2020 Automotive E-Commerce Report

For OEMs and retailers, selecting and onboarding the necessary digital retail technology to grow online sales and service is a massive undertaking. The biggest challenge is finding the right technology to power the entire transaction online.

The right technology should make the process easier and more efficient for both buyers and sellers. Car companies have spent millions trying to build technology over the years but getting it right has proven to be difficult and costly, because automotive sales transactions are complex cocktails.

There are over 13,500 makes and models of new cars and millions of different trim, color and option combinations to choose from. The elements of a transaction are many, including vehicle pricing, manufacturer incentives, down payment, finance/lease payments, rates, residuals, money factors, terms, bank fees, trade value, equity, negative equity, consumer credit profiles, taxes and fees.

To add to the complexity, the industry is regulatedunder strict federal and state advertising laws, franchise rules and brand compliance requirements, which makes it extremely difficult to calculate “to the penny” transactions on millions of cars that are legal in all 50 states and compliant with all franchise rules and brand guidelines.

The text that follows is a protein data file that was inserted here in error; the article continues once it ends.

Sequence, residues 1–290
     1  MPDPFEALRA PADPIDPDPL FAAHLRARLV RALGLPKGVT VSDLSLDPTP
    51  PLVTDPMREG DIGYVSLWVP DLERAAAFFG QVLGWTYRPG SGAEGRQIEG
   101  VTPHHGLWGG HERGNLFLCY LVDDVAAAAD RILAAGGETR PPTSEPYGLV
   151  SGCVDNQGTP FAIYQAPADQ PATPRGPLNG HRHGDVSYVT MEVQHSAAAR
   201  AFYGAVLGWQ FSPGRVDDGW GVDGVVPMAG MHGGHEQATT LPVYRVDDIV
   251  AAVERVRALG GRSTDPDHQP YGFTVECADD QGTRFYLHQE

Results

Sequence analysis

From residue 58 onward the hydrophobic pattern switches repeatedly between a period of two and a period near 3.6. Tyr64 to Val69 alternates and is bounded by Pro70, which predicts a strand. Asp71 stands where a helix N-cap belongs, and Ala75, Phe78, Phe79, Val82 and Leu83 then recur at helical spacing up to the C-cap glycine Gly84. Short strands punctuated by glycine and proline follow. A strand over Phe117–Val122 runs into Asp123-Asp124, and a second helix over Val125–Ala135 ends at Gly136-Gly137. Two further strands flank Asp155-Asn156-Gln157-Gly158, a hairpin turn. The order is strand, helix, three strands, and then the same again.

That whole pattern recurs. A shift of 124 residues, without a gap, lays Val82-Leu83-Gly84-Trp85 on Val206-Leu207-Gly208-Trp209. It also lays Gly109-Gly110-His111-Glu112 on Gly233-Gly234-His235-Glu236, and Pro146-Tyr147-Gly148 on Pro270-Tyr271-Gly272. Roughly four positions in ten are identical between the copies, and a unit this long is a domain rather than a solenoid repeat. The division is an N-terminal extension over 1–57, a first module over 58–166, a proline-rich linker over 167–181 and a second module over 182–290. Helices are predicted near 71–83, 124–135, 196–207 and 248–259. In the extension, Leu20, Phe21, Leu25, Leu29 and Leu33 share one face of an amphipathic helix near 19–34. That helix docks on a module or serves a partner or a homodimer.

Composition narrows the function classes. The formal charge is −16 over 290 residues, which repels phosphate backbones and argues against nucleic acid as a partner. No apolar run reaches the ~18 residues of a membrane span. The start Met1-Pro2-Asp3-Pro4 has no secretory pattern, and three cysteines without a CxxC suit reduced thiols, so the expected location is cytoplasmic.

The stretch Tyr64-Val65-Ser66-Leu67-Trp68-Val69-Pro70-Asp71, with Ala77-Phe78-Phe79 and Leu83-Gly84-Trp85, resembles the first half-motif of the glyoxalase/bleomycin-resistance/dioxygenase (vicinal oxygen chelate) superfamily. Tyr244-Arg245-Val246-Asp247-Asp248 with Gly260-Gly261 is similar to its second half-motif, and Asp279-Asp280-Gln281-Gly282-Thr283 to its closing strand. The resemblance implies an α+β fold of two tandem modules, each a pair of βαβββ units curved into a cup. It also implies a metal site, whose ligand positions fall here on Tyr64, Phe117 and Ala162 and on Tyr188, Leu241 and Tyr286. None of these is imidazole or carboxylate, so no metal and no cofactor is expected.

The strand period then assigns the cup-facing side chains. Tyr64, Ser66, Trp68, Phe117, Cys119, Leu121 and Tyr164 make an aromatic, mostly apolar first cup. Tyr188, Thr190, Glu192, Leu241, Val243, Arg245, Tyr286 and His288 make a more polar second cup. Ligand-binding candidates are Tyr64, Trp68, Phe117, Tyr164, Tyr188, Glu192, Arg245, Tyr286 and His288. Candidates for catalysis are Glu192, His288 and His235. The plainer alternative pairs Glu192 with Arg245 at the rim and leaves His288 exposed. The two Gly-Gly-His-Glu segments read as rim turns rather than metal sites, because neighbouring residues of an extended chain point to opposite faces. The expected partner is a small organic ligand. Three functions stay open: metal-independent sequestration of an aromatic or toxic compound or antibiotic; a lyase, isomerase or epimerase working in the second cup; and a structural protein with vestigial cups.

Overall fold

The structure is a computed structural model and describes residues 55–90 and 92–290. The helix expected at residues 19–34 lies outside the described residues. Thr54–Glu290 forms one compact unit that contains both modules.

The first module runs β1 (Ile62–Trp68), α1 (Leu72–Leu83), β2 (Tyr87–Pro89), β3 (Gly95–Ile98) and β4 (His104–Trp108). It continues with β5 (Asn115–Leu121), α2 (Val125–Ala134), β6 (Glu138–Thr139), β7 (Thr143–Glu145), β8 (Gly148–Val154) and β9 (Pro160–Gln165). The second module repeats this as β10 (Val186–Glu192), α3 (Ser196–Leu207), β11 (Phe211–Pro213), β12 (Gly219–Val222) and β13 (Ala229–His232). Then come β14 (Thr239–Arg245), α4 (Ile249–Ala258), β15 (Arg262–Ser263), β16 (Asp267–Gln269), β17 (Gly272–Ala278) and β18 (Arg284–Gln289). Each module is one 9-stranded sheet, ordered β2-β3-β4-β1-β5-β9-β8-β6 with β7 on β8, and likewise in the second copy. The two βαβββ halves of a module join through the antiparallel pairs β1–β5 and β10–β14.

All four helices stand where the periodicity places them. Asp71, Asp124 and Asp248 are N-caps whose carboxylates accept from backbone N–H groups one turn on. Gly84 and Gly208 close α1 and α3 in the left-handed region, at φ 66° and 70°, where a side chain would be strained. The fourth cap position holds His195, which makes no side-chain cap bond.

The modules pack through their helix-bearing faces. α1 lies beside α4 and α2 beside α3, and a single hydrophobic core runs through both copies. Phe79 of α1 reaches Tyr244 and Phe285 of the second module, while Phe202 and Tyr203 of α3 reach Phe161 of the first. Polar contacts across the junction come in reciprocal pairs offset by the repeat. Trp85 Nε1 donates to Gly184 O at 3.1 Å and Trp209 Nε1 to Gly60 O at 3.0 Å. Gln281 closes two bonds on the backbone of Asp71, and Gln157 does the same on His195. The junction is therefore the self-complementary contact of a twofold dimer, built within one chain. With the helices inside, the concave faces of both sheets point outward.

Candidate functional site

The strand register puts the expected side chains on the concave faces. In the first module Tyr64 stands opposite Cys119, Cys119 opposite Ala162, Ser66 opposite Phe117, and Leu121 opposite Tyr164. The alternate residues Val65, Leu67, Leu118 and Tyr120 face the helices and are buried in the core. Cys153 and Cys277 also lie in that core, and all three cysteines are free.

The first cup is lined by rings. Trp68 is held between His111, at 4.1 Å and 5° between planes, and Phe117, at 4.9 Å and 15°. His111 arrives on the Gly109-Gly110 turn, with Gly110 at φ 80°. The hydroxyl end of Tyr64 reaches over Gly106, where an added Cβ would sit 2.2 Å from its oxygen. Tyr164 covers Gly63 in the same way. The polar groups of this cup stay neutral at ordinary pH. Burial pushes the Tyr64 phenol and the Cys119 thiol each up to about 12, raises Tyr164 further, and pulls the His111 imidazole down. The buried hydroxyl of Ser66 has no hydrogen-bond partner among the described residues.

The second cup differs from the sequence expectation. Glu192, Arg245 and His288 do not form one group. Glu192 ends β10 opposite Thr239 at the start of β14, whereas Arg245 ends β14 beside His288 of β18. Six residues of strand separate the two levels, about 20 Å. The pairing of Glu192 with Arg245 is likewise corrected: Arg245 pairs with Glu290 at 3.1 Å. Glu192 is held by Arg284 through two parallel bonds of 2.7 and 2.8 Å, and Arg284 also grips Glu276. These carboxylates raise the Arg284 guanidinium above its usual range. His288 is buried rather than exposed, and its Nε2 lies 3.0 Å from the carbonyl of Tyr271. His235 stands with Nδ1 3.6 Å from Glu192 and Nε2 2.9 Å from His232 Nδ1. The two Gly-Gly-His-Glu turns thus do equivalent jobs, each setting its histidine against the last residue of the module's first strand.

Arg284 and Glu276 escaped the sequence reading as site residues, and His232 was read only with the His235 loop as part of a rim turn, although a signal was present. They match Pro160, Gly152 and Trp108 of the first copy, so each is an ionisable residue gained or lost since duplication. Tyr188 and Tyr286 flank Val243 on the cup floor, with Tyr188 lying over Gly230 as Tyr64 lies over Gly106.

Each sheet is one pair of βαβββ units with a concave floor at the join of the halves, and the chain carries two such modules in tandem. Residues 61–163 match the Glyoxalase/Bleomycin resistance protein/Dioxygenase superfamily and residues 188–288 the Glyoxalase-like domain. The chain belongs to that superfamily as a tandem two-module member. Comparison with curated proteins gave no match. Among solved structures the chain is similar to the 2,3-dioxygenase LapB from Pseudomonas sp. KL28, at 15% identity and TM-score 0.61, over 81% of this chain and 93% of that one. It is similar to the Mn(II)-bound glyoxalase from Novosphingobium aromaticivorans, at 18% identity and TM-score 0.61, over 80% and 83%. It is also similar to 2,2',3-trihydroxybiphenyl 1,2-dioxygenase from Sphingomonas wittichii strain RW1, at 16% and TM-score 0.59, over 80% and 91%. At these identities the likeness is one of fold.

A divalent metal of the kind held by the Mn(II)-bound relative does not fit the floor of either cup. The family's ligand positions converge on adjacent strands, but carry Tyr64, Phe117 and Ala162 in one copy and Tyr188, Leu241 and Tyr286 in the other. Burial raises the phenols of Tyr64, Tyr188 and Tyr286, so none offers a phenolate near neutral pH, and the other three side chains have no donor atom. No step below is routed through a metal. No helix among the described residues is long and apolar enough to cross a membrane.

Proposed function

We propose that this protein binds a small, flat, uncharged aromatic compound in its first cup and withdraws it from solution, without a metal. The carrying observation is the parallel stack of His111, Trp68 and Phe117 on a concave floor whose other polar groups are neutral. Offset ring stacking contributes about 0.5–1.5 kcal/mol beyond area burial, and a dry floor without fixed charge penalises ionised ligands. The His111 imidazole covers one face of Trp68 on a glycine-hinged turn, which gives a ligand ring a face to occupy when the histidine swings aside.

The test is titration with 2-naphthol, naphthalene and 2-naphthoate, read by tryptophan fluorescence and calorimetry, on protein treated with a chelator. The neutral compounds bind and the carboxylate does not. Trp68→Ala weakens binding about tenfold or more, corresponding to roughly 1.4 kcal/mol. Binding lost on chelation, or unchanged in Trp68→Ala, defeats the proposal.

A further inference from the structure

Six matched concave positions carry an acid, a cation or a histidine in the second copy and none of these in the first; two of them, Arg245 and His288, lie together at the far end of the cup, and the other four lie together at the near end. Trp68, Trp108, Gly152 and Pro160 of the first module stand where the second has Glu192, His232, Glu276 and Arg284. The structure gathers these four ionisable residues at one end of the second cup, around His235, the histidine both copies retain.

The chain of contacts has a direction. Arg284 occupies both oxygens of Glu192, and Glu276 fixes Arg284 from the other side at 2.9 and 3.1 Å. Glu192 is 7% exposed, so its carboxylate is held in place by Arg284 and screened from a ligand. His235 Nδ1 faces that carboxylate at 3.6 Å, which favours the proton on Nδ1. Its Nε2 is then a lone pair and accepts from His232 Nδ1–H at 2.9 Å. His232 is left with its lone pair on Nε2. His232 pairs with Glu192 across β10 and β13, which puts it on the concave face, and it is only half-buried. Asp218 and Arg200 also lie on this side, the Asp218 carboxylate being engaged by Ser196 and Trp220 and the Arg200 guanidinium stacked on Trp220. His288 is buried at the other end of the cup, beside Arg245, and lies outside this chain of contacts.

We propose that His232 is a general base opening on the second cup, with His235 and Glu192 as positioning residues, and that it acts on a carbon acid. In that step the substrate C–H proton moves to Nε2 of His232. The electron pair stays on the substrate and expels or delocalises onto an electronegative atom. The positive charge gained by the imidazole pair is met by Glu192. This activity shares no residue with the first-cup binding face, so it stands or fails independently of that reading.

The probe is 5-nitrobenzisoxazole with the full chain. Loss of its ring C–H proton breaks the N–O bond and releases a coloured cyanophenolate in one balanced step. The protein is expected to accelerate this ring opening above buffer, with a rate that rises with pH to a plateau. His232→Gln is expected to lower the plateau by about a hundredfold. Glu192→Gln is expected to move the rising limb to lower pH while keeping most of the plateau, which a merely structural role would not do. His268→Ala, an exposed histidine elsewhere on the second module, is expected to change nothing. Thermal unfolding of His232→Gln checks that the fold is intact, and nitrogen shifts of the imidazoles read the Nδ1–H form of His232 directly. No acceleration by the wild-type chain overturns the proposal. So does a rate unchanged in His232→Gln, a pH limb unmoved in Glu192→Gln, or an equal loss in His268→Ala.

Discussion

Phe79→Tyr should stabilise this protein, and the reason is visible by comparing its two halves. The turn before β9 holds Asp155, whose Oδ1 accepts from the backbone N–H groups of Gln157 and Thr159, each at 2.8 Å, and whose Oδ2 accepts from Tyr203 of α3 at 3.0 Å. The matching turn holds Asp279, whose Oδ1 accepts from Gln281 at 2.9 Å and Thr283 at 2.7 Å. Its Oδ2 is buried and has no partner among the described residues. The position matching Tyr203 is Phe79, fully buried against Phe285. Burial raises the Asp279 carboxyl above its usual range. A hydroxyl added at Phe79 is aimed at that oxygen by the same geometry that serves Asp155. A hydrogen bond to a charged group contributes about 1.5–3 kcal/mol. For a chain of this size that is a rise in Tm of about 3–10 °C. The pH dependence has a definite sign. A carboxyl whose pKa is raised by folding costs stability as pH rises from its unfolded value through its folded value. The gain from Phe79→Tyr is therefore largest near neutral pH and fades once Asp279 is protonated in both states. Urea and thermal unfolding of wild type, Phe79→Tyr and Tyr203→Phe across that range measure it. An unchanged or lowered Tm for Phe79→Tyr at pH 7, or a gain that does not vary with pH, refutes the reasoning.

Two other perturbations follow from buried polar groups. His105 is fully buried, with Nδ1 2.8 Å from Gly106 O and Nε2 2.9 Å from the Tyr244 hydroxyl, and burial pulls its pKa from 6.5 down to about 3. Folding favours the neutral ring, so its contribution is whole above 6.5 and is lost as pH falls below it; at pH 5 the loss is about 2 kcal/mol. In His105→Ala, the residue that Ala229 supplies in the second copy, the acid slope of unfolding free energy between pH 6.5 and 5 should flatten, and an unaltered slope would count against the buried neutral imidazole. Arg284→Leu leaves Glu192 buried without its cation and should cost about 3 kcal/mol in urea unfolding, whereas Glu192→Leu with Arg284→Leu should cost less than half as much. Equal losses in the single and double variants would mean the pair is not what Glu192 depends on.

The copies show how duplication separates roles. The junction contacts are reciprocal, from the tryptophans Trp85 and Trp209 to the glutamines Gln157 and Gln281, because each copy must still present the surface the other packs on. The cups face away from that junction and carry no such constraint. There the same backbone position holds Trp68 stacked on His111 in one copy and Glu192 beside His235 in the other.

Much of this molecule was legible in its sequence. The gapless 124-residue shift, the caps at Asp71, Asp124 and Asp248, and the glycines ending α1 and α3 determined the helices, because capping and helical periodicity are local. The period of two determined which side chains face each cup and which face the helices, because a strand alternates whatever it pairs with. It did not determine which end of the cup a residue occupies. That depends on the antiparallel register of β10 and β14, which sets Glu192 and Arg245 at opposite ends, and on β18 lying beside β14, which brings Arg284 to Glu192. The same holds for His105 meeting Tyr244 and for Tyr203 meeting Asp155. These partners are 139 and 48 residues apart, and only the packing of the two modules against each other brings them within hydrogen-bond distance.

Carvana & Vroom have avoided the complexities of the strict regulations of the new car market, because they solely sell used. Because of the complexities of selling new cars online, Tesla is the only car company who has been able to crack the code to solve these issues, enabling them to sell new cars completely online, at scale. Walmart’s CarSaver offers new and used cars, so their platform integrates with all the top brands and with dealer systems.